earning international acclaim with The
Poisonwood Bible, Barbara
Kingsolver returns in Prodigal Summer to her childhood stomping grounds
of southern Appalachia, making a stop on the New York Times Bestseller list
along the way. This award winning fifth novel is somewhat lighter than her earlier
works, though no less meaningful and certainly just as entertaining. Kingsolver
deftly embraces new risks, largely in the interaction of setting and plot lines
that carry her message. High above the Zebulon Valley, a reclusive Forest Service
biologist is forced to consider her own connection with humanity when a young
bounty hunter trailing the same coyotes she's observing becomes her unlikely
companion. Down the mountain, a young widow faces a choice between protecting
her heart (by moving back to the city) or pouring it into the land to which
she has become deeply attached. Further down the road, two elderly neighbors
squabbling over pesticides and God are drawn together by their ideological differences
to share a lesson in interdependence. All three plots unfold as the nature within
and around them follows the abundant summer's urging to procreate. Where lesser
writers would turn these fertile scenes into a prodigal disaster, Kingsolver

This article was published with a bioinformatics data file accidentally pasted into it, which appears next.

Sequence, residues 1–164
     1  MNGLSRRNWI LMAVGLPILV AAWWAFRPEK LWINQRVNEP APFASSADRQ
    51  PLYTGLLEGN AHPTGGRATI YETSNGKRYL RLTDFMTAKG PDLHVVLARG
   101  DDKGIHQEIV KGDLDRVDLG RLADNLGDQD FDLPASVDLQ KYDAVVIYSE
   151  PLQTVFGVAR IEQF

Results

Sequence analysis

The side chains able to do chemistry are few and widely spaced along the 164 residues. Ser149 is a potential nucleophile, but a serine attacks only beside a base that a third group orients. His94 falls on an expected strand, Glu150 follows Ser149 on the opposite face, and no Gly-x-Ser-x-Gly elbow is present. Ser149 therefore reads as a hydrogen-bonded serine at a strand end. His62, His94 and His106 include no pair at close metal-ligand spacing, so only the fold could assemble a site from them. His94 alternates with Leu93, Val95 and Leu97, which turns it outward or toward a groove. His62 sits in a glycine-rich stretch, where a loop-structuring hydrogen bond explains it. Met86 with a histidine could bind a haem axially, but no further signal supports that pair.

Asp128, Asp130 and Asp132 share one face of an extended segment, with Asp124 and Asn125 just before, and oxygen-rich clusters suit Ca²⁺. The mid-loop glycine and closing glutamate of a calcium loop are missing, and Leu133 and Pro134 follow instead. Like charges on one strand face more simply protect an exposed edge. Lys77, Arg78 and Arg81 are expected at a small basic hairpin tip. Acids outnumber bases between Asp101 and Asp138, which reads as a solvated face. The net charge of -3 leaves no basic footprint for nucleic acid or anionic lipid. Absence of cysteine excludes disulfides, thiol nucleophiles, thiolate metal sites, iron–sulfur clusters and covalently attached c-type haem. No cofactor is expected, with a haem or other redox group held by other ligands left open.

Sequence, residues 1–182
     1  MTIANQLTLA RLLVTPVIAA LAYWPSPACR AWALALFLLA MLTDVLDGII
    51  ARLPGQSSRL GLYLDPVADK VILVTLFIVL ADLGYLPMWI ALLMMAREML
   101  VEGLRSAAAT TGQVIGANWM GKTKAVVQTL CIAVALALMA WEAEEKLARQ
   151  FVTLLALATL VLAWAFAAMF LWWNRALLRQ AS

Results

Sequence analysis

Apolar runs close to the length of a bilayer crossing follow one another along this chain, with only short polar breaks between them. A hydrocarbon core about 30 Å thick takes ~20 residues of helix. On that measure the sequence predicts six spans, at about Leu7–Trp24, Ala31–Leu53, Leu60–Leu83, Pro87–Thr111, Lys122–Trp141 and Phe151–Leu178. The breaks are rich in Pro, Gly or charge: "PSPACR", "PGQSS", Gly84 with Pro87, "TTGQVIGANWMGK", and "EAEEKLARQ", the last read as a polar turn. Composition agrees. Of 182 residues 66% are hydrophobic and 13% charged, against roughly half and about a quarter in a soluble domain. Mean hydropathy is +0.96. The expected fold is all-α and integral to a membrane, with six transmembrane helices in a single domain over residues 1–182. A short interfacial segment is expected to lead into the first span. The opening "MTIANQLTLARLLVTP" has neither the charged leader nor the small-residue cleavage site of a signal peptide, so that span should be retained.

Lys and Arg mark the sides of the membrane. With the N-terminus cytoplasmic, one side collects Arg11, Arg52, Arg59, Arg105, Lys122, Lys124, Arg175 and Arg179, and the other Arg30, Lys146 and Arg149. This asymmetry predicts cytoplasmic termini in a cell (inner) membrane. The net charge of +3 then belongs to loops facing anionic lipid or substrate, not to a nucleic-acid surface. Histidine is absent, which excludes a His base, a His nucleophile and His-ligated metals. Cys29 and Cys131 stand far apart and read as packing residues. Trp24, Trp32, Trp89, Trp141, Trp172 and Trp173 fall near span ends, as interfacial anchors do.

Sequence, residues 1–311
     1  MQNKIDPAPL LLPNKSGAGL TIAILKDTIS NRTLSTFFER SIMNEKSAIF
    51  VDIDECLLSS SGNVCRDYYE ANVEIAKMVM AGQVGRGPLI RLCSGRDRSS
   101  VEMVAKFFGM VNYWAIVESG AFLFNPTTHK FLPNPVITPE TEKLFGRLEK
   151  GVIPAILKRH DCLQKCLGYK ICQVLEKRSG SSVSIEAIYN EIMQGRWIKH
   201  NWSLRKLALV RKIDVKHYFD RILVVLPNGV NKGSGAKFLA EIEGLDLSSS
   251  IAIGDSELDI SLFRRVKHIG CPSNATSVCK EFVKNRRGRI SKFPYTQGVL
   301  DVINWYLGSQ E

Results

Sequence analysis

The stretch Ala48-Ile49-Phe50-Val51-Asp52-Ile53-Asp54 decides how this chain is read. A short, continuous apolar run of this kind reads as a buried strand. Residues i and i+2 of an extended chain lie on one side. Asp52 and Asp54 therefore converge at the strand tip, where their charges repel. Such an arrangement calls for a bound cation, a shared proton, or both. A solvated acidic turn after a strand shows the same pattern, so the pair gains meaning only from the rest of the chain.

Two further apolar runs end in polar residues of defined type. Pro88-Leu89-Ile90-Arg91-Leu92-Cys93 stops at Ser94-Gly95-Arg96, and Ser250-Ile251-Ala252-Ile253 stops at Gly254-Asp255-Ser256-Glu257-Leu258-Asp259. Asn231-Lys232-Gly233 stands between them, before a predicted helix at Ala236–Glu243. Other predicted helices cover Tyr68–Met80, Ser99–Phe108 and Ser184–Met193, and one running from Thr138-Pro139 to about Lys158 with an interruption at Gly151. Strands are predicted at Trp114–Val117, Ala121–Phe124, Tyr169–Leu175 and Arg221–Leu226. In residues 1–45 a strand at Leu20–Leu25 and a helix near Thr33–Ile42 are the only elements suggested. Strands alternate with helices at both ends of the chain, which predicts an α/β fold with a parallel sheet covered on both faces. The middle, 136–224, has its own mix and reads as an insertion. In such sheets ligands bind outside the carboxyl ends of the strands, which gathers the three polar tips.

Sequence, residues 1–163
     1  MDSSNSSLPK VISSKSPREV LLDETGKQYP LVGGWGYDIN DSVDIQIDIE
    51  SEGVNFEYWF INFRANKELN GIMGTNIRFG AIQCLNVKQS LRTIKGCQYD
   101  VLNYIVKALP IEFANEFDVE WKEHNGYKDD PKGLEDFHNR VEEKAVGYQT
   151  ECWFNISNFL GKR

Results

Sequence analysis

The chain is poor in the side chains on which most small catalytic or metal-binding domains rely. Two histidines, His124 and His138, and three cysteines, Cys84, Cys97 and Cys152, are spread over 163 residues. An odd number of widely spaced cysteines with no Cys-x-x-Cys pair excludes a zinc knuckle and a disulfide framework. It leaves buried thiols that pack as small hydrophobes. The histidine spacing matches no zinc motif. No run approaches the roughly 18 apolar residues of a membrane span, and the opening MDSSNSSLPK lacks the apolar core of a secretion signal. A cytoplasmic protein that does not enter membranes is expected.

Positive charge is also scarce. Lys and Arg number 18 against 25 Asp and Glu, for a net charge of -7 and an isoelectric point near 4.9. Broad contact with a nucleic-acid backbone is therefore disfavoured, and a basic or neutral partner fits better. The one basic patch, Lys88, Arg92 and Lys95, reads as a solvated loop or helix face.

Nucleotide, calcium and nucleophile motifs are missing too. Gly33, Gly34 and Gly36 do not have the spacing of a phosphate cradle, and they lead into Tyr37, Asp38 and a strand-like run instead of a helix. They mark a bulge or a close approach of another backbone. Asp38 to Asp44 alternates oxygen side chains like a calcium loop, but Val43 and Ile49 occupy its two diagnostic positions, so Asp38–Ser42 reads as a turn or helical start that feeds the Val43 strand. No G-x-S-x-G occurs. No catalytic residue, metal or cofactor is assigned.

weaves instead a beautifully detailed, touching meditation on nature and the
connection that all things share within it. Prodigal Summer's carefully
crafted ecological treatise is a love story told with Kingsolver's signature
keen observations and earthy, poetic wit. Powell's customers named Prodigal
Summer among their favorites
and it's sure to please others in search of a richly refreshing, heartwarming
and thoughtful read. Lilus, Powells.com
Synopses & Reviews
Barbara Kingsolver, a writer praised for her"extravagantly gifted narrative voice" (New York Times Book Review
), has created with this novel a hymn to wildness that celebrates the prodigal spirit of human nature, and of nature itself.
Prodigal Summer weaves together three stories of human love within a larger tapestry of lives inhabiting the forested mountains and struggling small farms of southern Appalachia. At the heart of these intertwined narratives is a den of coyotes that have recently migrated into the region. Deanna Wolfe, a reclusive wildlife biologist, watches the forest from her outpost in an isolated mountain cabin where she is caught off-guard by Eddie Bondo, a young hunter who comes to invade her most private spaces and confound her self-assured, solitary life. On a farm several miles down the mountain, another web of lives unfolds as Lusa Maluf Landowski, a bookish city girl turned farmer's wife, finds herself unexpectedly marooned in a strange place where she must declare or lose her attachment to the land. And a few more miles down the road, a pair of elderly, feuding neighbors tend their respective farms and wrangle about God, pesticides, and the complexities of a world neither of them expected.